Huawei block has ‘minimal’ impact

Monday December 03, 2018 Written by Published in Technology

New Zealand’s decision to block a proposal to use telecommunications equipment made by China’s Huawei because of national security concerns will have little impact on the Cook Islands, says Bluesky country manager Phillip Henderson.

 

The embargo only applies to Huawei as a vendor in future 5G mobile networks in New Zealand, he says.

“As it is understood”, it also only applies to the core part of the network and allows Huawei to provide the 5G Radio Access Network, adds Henderson.

“The block does not require telecommunications companies to swap out existing Huawei equipment that they have already deployed in their 2G, 3G or 4G networks.”

Henderson says all three New Zealand telecommunications companies currently use Huawei in their mobile networks, as does Bluesky Cook Islands.

“(But) as 5G remains a few years away for the Cooks, this currently has minimal impact.” Depending on how the issue develops over the next few months, it may become a factor in Bluesky’s vendor choice for the next wave of mobile technology, adds Henderson.

“There are a number of vendors that can deliver on our requirements.”

Spark New Zealand wanted to use Huawei equipment in its 5G mobile network.

However, a New Zealand government security agency said last week the deal would bring significant risks to national security.

A BBC story said the move was part of a growing push against the involvement of Chinese technology firms on security grounds.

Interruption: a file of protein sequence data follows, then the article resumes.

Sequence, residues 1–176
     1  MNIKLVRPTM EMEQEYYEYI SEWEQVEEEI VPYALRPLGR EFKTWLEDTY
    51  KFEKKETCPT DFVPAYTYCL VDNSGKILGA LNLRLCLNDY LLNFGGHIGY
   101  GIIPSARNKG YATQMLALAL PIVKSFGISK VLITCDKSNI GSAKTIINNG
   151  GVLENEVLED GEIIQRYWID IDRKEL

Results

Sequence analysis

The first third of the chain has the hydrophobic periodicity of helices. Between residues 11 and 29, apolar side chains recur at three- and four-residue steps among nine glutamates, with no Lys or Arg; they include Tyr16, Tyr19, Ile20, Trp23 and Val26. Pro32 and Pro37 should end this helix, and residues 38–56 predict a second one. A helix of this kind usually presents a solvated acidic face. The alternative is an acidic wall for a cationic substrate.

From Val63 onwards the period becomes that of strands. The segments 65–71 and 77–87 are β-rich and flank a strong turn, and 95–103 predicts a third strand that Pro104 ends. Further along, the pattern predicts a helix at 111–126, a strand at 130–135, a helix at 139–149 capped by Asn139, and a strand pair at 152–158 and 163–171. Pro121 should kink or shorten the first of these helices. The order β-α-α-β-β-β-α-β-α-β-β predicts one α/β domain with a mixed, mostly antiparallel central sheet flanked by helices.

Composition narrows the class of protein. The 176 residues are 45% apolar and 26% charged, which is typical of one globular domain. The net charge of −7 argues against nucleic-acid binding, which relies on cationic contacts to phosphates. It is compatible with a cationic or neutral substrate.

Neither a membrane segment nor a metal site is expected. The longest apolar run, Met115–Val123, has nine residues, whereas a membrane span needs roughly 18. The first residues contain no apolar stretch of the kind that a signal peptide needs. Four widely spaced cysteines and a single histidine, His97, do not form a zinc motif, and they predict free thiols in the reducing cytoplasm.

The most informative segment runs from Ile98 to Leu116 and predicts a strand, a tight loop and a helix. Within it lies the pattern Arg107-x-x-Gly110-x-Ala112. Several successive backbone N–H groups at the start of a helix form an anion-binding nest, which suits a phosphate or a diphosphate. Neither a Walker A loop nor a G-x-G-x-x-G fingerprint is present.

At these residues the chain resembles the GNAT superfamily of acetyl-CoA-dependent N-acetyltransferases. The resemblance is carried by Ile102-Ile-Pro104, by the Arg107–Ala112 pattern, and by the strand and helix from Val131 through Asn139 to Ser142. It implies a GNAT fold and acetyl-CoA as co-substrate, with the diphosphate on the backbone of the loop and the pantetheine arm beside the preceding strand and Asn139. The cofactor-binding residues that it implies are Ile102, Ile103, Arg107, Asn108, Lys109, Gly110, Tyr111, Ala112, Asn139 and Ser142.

“5G networks are being built in several countries and will form the next significant wave of mobile infrastructure.

“Huawei, the world's biggest producer of telecoms equipment, has faced resistance from foreign governments over the risk that its technology could be used for espionage.

“The head of New Zealand’s government Communications Security Bureau (GCSB) told Spark the proposal ‘would, if implemented, raise significant national security risks’,” the company said.

The story said Intelligence services minister Andrew Little had said Spark could work with the agency to reduce that risk.

“As the GCSB has noted, this is an ongoing process. We will actively address any concerns and work together to find a way forward,” Huawei said in a statement.

The move follows a decision by Australia to block Huawei and Chinese firm ZTE from providing 5G technology for the country’s wireless networks on national security grounds.

The US and UK have raised concerns with Huawei, and the firm has been scrutinised in Germany, Japan and Korea.

However Papua New Guinea said last week it would go ahead with an agreement for Huawei to build its internet infrastructure.

Tom Uren, visiting fellow in the International Cyber Policy Centre at Australia's Strategic Policy Institute, said the Chinese government had “clearly demonstrated intent over many years to steal information”.

“The Chinese state has engaged in a lot of cyber and other espionage and intellectual property theft," he said.

Links between firms and the government have fuelled concerns that China may attempt to “leverage state-linked companies to be able to enable their espionage operations”, Uren said.

Those concerns were exacerbated by new laws introduced last year that required Chinese organisations assist in national intelligence efforts.

The laws enable the Chinese state to compel people and possibly companies to assist if they needed it, Uren said.

The combination of new rules and a history of espionage have increased the perceived danger of using companies like Huawei and ZTE in critical national infrastructure.

“It’s hard to argue that they don't represent an elevated risk,” Uren added.

                                 - Cameron Scott/NYT

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